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Rural community hospital deals with challenges as COVID-19 cases continue rising

Posted at 6:53 AM, Dec 09, 2020
and last updated 2020-12-09 08:53:57-05

GREEN VALLEY, Ariz, - At some hospitals across southern Arizona, the number of patients with COVID-19 is increasing. That holds true for the Santa Cruz Valley Regional Hospital in Green Valley.

“Santa Cruz Valley is seeing a lot of patients with COVID come into the emergency department," said Jennifer Biggs, the hospitals Chief Nursing Officer.

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The rural community hospital has six ICU beds and 12 beds in its emergency department, according to Biggs. While it does have those beds for patients, the increase in COVID-19 patients has come with an increase in challenges.

“Staffing is very tight," said Biggs, “we have reached out to our travel agencies and really there are very few travelers available.”

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Like others at different hospitals in southern Arizona, reaching out to travel agencies for additional employees hasn't resulted in much help.

A lack of a certain kind of staff member has also put a strain on the hospital, according to Biggs.

“We do not have pulmonology here and sometimes patients are so sick they do need that specialty of pulmonology," she said.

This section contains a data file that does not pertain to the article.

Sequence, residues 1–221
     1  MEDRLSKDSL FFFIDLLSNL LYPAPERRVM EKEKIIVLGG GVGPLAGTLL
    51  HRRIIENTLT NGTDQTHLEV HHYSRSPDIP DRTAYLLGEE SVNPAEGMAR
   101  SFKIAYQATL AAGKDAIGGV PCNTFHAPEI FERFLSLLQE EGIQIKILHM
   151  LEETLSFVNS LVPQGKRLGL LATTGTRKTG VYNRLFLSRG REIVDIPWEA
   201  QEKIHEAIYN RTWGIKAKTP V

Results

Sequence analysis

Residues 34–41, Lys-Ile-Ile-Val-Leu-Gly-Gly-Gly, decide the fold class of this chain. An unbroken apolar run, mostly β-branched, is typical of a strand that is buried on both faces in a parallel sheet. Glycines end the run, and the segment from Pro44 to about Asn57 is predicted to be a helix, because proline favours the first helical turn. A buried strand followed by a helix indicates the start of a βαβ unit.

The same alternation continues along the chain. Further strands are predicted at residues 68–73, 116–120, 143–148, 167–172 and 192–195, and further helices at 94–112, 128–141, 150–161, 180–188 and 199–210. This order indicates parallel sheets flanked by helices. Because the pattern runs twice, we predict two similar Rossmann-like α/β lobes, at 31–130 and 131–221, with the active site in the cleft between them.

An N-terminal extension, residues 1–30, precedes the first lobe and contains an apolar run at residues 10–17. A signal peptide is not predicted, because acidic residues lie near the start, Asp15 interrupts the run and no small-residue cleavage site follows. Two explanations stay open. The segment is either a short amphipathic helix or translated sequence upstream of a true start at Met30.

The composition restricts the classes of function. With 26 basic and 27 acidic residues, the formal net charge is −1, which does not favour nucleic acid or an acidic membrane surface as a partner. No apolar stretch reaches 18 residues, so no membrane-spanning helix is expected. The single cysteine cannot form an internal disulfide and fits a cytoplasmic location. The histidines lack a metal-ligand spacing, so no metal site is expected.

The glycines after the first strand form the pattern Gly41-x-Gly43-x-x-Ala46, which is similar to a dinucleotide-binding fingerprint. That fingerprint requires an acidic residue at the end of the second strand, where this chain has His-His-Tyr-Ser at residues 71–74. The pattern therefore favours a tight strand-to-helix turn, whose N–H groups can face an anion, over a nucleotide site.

Since there is no pulmonologist at Santa Cruz Valley Regional, Biggs and her staff have had to use the Arizona Surge Line to transfer the most ill COVID patients.

“Last week we had five transfers out and the Tucson hospitals were exceedingly full and I believe all five of those patients ended up going to Phoenix because of how full the Tucson hospitals were," she said.

Transferring patients out to different hospitals is a process in of itself, sometimes takes more than 10 hours.

“You can wait 10, 12, 14 hours at times, so you need to be able to take care of that patient in the meantime," said Biggs.

Despite the challenges Biggs and staff at Santa Cruz Valley Regional are facing, she said they continue showing up for work everyday, helping anyone who comes through their doors.

“Some of those patients are discharged and can be monitored and quarantine at home, others have to be admitted," said Biggs.